I stumbled upon your blog post through a google search and don’t want to waste much more energy on this issue, except to say that I think it’s sad you wanted to re-post your book review to have an opportunity to cyber-bash Kelle -or anybody!

    I connect with Kelle’s blog because I want my children to live in a kind and beautiful world where people respect each other and whose actions speak louder than words. I’ll take rainbows and unicorns over bitter and jealous any day! I definitely won’t be back!

  23. Veronica
    September 9, 2012 at 5:11 am #

    I agree with Lisa’s review! I have not read the book but do follow KH blog on occasion. I enjoy the photo’s the most…find her writing to be a bit repetitive and boring. I think it is interesting she is pregnant again. I don’t know why I was shocked?! At any rate- I can’t think of any reason Lisa would be jealous of KH??? I have to say as an outsider I feel Lisa’s review was honest and right on. I remember thinking as I read the first pages of her blog– who really has this many friend’s that drop everything to comfort one in a crisis? I wasn’t jealous either, just thought it was strange. Oh well! Everyone is entitled to thinking her own thoughts. I enjoyed your review, Lisa. Thanks for saying what many might be thinking!

  24. Annie
    October 10, 2012 at 11:08 pm #

    I will admit, I did google “Kelle Hampton” and this came up, along with another post from your old blog about her. I discovered Kelle’s blog a few weeks ago and really do love it. I have never seen your blog before – I will definitely return to read some more about your beautiful children (I read your piece about your experience with abuse – bravo to you for sharing your story).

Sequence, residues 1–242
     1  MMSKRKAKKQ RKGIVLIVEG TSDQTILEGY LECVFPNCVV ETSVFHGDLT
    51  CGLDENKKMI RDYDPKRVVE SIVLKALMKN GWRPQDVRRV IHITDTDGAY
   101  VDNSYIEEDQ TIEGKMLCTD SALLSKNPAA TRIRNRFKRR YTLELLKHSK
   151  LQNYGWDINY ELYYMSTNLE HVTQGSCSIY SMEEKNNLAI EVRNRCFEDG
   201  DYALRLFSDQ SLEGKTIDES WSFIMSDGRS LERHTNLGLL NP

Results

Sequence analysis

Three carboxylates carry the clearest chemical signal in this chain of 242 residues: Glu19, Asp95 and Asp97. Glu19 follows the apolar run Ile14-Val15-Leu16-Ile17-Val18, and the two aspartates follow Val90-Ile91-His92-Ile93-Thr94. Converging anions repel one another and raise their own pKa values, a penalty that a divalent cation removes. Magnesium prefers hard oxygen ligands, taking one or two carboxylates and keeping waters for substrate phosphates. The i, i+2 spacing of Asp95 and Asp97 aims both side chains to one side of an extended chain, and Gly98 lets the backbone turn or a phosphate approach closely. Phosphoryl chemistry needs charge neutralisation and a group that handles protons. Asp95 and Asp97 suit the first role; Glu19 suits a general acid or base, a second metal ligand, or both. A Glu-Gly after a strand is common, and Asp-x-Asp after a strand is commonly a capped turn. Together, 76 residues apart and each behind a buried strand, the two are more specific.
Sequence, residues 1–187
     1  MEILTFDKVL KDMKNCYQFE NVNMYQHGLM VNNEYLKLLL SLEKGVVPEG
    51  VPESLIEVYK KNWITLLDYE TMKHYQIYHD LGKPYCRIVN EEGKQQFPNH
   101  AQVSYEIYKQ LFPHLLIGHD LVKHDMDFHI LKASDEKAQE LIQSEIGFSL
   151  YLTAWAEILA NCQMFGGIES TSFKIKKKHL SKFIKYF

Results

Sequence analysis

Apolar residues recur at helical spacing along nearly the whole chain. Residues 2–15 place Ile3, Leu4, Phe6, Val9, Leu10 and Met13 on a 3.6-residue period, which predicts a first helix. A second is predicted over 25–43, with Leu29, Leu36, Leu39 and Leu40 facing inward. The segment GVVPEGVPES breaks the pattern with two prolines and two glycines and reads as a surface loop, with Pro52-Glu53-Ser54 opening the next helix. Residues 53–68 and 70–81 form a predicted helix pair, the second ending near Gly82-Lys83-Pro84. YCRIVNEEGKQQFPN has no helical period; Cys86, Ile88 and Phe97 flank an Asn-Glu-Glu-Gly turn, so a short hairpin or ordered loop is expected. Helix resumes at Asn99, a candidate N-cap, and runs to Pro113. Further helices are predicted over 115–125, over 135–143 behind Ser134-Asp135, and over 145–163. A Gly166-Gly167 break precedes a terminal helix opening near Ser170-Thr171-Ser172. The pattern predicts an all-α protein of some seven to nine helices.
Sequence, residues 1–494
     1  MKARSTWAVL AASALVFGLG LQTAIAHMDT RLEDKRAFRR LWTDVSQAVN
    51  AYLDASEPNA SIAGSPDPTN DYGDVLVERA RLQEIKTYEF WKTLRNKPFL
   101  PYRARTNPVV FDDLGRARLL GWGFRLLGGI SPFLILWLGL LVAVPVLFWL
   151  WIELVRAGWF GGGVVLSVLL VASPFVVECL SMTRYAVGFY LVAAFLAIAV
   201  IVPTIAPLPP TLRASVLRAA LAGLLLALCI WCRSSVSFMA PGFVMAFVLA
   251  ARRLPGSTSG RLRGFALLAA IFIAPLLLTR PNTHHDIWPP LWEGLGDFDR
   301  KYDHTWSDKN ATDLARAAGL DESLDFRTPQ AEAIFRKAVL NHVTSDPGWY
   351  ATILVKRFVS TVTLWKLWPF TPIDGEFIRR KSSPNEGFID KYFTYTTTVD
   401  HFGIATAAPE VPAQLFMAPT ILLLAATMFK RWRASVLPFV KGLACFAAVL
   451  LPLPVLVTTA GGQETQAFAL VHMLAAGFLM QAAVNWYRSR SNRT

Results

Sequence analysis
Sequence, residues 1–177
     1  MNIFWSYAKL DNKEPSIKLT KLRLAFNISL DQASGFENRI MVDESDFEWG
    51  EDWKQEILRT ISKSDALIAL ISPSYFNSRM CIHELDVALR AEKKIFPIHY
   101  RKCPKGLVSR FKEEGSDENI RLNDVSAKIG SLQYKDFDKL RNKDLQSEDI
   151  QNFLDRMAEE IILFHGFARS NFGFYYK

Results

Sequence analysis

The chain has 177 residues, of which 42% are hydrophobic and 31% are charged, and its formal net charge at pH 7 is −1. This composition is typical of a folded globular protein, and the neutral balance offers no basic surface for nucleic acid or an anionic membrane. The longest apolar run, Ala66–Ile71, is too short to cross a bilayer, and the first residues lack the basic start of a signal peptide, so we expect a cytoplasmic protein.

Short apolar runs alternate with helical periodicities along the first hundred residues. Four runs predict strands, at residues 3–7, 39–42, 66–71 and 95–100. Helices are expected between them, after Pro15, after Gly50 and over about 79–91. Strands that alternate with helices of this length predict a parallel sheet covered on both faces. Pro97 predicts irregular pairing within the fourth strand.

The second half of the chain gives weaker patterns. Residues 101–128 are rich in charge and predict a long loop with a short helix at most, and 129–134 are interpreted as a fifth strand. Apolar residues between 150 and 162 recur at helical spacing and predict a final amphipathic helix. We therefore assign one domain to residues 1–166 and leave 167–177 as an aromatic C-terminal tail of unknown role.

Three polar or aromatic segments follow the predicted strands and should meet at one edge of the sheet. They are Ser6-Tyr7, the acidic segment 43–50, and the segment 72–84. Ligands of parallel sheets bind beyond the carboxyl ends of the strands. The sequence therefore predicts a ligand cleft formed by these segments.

All in all, you have your opinion and you are absolutely free to express that. I can understand why you feel the way you do about Kelle’s blog and book – I personally enjoy her work, but I can absolutely see where you’re coming from. And I’m sure it’s not out of jealousy as you seem to have many followers and fans yourself. Some things we like, some things we don’t – we’re all human.

    However, the one thing that did bother me is that you have somewhat devalued Kelle’s experience, which was clearly quite traumatic. I haven’t had the worst life but I have many people who are close to me who have experienced awful things, including abuse, addictions etc. And when I read Nella’s birth story, I was so sympathetic and heartbroken for Kelle and her family in what they went through (as I am towards any family who would have to go through something like this). When you say “what has she overcome?,” it is clear what she has gone through a traumatic experience. Yes, many people have gone through awful, traumatic circumstances and have had it “much worse” than Kelle, but that shouldn’t take away from the fact that she experienced something that is worthy of overcoming and that she has come out with a positive attitude.

    Personally (this is not in relation to what you’ve written on the topic), it seems to me that her story has resonated with many people because of the fact that her idea that her life was going to be “picturesque” and “perfect” with her second baby girl was challenged the moment Nella was born (not to say that children with Down syndrome are anything but perfect, I am speaking specifically to Kelle’s descriptions of how she thought about things before Nella’s birth in her story).